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Crisis in Engineering Education: Time to re-think approach to education

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The Hindu Business Line |  Chennai, April 26 |  Swathi Moorthy | Opinion |

Outdated curriculum, lack of soft skills, and automation pose major challenges to students

CHENNAI, 16/04/2011: Aspirants writing the VIT Engineering Entrance Examination at the University’s Chennai campus on Vandalur – Kelambakkam Road on April 16, 2011. Photo: A. Muralitharan

Skill gap

According to a study by Aspiring Minds Research Cell, Tamil Nadu lags in average quality of talent. The study was based on an employability test, AMCAT, taken by 1.2 lakh engineers across India for IT services and related jobs. It stated that though Tamil Nadu is considered an engineering hub, the State’s engineering students’ employability is only 8.33 per cent.  A senior professor in a well-known engineering college in Chennai says: “That is at the core of all the problems the engineering discipline is facing now. Engineering calls for lateral thinking, for students to apply what they have learnt; that is not happening.” When a school student is suddenly faced with a system that is different from what she is habituated to, it is tough to cope. “Curriculum should be changed in such a way that it trains students, right from class VI-XII, to think out of the box and apply what they have learnt,” the professor added.

N Saravanan, an assistant professor from a government engineering college in Kanyakumari, says: “Another issue is the attitude towards knowledge-oriented education. Colleges focus on coaching students just like schools, to get 100 per cent pass percentage. That is what most parents too demand.” Unlike Chennai, where some colleges are taking the initiative to look beyond syllabus, most colleges are text-book focussed and students lack communication skills.  K Thyagarajan, Principal, Ponjesly College of Engineering, Kanyakumari district, said: “Most of our students come from villages in Tirunelveli, Kanyakumari and some parts of Kerala, and lack soft skills. This is a major challenge when it comes to placements as companies prefer students with good communication skills.” The college has started providing spoken English classes right from the first year. “We are getting good feedback from companies that come for recruitment,” he added.  To enhance technical skills, Anna University is introducing choice-based credit system, where the curriculum is designed based on industry requirements. This allows students to choose inter-disciplinary courses, which is not an option right now. For example, a mechanical student can choose an electrical or a computer science course. Electives too are changing. A faculty from the Centre for University Industry Collaboration, Anna University, says: “We keep changing electives every year based on the current trend, to be in line with industry needs. Now the classrooms are IT-enabled and staff are trained by industry people. This is to make students employment-ready.”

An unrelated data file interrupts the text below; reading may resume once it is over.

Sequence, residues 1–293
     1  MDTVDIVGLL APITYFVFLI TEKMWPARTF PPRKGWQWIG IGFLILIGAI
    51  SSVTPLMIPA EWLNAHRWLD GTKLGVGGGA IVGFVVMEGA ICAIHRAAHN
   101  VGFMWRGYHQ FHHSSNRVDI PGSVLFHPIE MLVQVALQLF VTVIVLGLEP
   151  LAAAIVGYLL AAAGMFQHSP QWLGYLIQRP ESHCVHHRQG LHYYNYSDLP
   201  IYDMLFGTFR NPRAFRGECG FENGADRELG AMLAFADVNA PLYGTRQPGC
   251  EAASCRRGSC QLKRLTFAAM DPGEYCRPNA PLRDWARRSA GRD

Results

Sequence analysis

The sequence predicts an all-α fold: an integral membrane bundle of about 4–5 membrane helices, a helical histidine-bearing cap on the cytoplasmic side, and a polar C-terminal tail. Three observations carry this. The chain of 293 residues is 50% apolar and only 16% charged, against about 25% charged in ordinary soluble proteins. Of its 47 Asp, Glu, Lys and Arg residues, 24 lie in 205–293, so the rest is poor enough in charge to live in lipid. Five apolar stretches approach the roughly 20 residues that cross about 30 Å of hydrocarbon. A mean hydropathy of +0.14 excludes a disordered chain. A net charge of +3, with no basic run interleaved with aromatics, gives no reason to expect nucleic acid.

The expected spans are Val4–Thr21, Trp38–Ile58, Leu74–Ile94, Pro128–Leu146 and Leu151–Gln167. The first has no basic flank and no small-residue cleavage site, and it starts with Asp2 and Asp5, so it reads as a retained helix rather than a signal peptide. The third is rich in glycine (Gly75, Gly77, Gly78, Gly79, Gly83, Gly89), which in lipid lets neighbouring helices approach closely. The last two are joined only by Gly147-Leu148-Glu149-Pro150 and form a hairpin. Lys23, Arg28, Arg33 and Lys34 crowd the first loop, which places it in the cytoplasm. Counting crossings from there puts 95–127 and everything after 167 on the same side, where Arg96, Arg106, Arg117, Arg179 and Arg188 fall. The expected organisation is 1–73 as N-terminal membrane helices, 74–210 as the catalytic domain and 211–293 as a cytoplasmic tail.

Placement hurdles

But that alone is not enough to ensure 100 per cent placement, as the trend is moving towards product development and automation, from pure services. IT services companies have traditionally been mass recruiters. But in the past few years, fresher recruitment is shrinking across Tamil Nadu as these firms too are looking for niche skills.  According to technical institutions, IT companies are recruiting less people now as they shift increasingly to automation. Companies are looking for niche skills for core product development, and according to JP Jayaprakash Gandhi, a career consultant and analyst, they find students lacking in this area.  For colleges, placement is an important factor as it is directly proportional to the student intake and their reputation.  According to a placement cell staff from Ponjesly, recruitments have not been good this year as only IT services companies are come for campus placements. The college claims to have so far managed to place 70 per cent of its final-year students with salary ranging ₹10,000-50,000.  “Students pay several lakhs of rupees to earn a degree, so they find the salary inadequate, Gandhi says “This is the issue the State is facing right now. We are overproducing engineers who do not have the right skills needed for the industry.” A senior professor from Anna University feels students, right from the beginning, aspire to work in a comfortable environment and are not willing to go to the shop floor. This is causing industries that have huge potential such as textile and leather, to lose out on good talent. “We have about 90 students passing out of textile engineering every year. Since most of the jobs are in rural area, they shift to IT or drop out in the middle of the course. –  Courtesy

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